This year ITV made the bold decision to roll out a winter series of their popular reality show, Love Island. Over the years it had become a staple of summertime watching. The decision was a concerning one for National league south side Oxford City.
The winner of this yearâ€™s Love Island was twenty-year-old Finn Tapp, who had breached his contract with Oxford City FC to appear on the reality show. Finn was a centre back, plying his trade in the National League South following being released from MK Dons. Oxford Cityâ€™s commercial director Mick Livesey took a pragmatic view towards what had gone on. He was understanding that a young lad would rather take his chances at striking big on Love Island, which has been known to boost social profiles to a stage where you can make huge money. However, Livesey also says that Finn had done very well for the team and that him leaving mid-way through a season has been detrimental to the club and its results.
Finn had essentially prioritised making a career through reality TV over football. Of course, due to the low level he was playing at, this is a life-changing decision and most likely the correct one, especially considering the success he had on the show. However, it made me reflect on the faded line between footballer and celebrity.
In the modern era of football, and the intense commercialisation of the sport, footballers are now public figures, with reputations which stem further beyond the 90 minutes on the pitch.
It is easy to point the finger at the introduction of the Premier League which created a spectacle out of the players and invested money which had never been seen before. That isnâ€™t simply the case though, footballers have been adored, idolised and followed for generations, yet just in different ways.
To look at players whose image outstretched what they did on the pitch, there is one place you must start. Manchester United.
Manchester United as a club has an aura which is almost unmatched in English football. A global market research agency, Kantar, estimated United to have a worldwide follower and fan base of 1.1 billion, making them the most supported club in the world. Although these statistics are open to a large amount of speculation and debate, the fact remains that United as a club has a reach which enamours many from around the globe.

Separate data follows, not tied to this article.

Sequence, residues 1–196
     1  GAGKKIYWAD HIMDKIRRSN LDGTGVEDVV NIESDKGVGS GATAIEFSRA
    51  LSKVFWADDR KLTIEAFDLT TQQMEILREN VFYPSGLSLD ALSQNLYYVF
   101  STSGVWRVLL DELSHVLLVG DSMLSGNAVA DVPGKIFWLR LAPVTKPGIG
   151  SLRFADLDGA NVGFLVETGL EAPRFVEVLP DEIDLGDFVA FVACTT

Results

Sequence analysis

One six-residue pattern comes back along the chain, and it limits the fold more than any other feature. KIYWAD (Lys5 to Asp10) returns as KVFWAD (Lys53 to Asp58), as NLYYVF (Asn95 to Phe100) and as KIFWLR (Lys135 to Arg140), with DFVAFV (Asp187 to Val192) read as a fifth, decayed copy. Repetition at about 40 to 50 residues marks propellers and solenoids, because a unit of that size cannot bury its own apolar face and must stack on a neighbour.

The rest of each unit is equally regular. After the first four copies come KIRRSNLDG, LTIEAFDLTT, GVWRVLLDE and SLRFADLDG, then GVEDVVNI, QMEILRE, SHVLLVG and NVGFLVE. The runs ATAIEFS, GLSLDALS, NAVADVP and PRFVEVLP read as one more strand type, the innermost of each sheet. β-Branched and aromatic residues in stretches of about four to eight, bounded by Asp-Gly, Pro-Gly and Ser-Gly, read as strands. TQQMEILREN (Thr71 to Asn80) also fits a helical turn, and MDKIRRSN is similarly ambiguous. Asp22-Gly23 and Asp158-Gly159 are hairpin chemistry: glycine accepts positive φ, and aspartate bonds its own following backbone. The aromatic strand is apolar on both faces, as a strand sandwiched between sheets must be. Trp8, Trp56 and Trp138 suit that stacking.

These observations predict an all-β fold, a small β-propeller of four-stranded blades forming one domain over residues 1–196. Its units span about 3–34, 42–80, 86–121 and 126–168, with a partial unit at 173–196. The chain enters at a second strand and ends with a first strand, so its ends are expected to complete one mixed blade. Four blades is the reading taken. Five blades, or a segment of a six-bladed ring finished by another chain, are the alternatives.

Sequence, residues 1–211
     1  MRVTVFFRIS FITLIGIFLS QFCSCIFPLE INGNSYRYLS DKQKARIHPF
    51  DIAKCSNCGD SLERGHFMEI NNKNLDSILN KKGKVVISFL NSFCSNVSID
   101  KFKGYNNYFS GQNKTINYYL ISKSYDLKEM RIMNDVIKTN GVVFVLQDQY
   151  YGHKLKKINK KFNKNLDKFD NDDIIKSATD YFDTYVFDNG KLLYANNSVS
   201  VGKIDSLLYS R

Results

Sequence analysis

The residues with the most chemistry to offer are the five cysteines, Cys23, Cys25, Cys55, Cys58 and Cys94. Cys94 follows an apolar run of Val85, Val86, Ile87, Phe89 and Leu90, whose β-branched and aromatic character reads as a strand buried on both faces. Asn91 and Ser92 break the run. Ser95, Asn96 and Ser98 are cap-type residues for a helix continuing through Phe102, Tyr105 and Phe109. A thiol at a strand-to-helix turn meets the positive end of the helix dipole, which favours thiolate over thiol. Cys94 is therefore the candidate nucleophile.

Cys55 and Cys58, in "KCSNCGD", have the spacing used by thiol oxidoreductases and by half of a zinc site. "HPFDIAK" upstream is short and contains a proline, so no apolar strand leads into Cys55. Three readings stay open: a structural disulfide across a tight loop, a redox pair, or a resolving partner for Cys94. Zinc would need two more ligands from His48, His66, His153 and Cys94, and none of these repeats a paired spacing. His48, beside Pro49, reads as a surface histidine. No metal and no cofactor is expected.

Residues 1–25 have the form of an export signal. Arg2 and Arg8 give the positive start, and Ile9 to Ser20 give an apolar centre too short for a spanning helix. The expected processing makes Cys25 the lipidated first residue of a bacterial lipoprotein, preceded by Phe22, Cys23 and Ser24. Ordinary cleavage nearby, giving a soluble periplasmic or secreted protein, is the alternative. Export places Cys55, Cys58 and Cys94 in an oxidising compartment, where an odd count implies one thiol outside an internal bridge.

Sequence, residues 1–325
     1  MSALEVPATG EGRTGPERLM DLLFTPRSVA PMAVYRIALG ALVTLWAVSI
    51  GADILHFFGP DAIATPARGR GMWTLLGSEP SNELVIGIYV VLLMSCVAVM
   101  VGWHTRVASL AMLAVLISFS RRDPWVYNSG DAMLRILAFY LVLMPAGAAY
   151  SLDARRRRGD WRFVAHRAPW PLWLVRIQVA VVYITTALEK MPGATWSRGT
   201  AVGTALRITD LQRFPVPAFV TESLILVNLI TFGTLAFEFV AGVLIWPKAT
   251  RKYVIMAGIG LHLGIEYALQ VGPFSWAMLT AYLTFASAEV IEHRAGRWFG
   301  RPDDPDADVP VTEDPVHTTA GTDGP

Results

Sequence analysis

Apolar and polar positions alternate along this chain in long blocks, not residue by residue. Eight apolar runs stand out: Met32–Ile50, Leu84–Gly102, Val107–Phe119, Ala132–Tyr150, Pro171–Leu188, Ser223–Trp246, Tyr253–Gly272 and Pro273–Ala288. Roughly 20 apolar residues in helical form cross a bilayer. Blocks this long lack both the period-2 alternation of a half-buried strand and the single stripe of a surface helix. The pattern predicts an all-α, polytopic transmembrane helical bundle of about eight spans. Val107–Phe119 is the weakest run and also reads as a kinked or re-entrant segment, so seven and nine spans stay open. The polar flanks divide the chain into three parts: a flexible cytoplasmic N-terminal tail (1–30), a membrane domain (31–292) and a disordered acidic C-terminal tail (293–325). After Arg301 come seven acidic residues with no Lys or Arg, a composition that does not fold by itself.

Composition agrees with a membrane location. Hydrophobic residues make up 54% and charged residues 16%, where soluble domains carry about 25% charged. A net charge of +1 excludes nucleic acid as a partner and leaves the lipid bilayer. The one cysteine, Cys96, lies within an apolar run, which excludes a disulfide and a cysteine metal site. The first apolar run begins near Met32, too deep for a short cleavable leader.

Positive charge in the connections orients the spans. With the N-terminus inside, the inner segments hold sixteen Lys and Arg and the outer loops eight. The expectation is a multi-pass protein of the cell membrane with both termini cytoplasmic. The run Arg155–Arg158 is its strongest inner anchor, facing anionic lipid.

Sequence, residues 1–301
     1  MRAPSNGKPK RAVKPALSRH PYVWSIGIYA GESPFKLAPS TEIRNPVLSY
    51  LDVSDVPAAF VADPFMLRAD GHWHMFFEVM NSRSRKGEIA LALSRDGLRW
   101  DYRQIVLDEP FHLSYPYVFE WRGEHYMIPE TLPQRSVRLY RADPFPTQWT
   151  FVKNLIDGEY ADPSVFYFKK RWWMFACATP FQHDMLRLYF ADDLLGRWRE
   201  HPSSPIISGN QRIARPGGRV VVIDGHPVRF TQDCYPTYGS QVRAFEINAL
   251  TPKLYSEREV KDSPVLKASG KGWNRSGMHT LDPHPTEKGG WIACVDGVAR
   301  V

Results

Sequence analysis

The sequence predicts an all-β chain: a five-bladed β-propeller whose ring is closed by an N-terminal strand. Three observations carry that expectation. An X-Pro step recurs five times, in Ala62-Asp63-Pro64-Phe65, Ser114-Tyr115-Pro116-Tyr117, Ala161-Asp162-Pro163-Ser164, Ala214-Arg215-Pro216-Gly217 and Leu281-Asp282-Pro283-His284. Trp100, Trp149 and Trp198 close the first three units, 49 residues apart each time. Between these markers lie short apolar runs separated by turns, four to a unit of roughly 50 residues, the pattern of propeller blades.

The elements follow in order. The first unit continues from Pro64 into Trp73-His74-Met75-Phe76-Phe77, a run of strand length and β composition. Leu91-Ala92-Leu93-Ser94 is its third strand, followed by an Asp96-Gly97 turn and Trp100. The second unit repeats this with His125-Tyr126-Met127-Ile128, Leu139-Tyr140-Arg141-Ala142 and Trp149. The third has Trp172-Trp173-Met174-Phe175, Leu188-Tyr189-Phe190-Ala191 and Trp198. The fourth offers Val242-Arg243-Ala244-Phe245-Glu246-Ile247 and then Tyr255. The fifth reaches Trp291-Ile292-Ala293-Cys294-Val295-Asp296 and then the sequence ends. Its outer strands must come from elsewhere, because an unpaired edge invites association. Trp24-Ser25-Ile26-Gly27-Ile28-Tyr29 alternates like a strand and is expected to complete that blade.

That starts with Matt Busby and the â€˜Busby Babesâ€™. Matt Busby had a strong faith in playing youth players and took a team to back to back league titles with an average squad age of 22. Hence, the nickname â€˜Busby Babesâ€™ coming to fruition.
The Munich air disaster of 1958, which took 23 lives including 8 players, ripped a hole through the heart of Matt Busbyâ€™s famous team. However, what wasnâ€™t too be expected was how such a devastating moment in football history became the catalyst for United going from a successful football club to Englandâ€™s first mega club.
All eyes and hearts wherewith Manchester, as Matt Busby aimed to relight the embers of the clubâ€™s former success.
The Munich air disaster developed an identity for Manchester United which caught the attention of those near and afar, and that identity was made all the so powerful due to the collective feeling of suffering and bereavement.
The 1960s also saw the beginning of televised football. As well as the World cup of 1966. Englandâ€™s winning team had starring roles for Unitedâ€™s own Nobby Stiles and of course Bobby Charlton. Manchester United was firmly in the limelight and their elixir was being consumed by the thousands. The club gradually found itself entangled with every facet of modern society. Their attacking style of play which enticed fans on the pitch also became a symbol of the widespread liberalisation in western society throughout the 1960s.
Throughout all this, there is one man who stood out amongst the rest. George Best. Best was the first footballer to become something much further beyond the port of call. On the football pitch, he was awe-inspiring, pacey and skillful, with a flair which made his number 7 shirt one of the most iconic in world football. Best won the European football of the year award, now known as the Ballon Dâ€™or in 1968. He expressed his personality through his football. It seemed a match made in heaven, that such a player found himself amongst the spotlight of Manchester United. George Best was 19 when he inspired one of the greatest European performances of all time. Scoring twice in a 5-1, against a previously unbeaten Benfica side, who hosted 1965 European footballer of the year, Eusebio.
Best himself put it like this, â€œOn nights like that, good players become great players and great players become godsâ€.
He had gone beyond being simply a great football player, he was now a cultural icon.
As Best returned to England, he was pictured in a sombrero and now became a media superstar, â€˜El Beatleâ€™ he was dubbed. Best had the good looks, the fashion and the haircut to be cast by many as the â€˜Fifth Beatleâ€™. This media description wasnâ€™t simply a headline though. Best soared through the 1960â€™s as the Beatles did, with manic admiration, awe, expression, and inevitably success.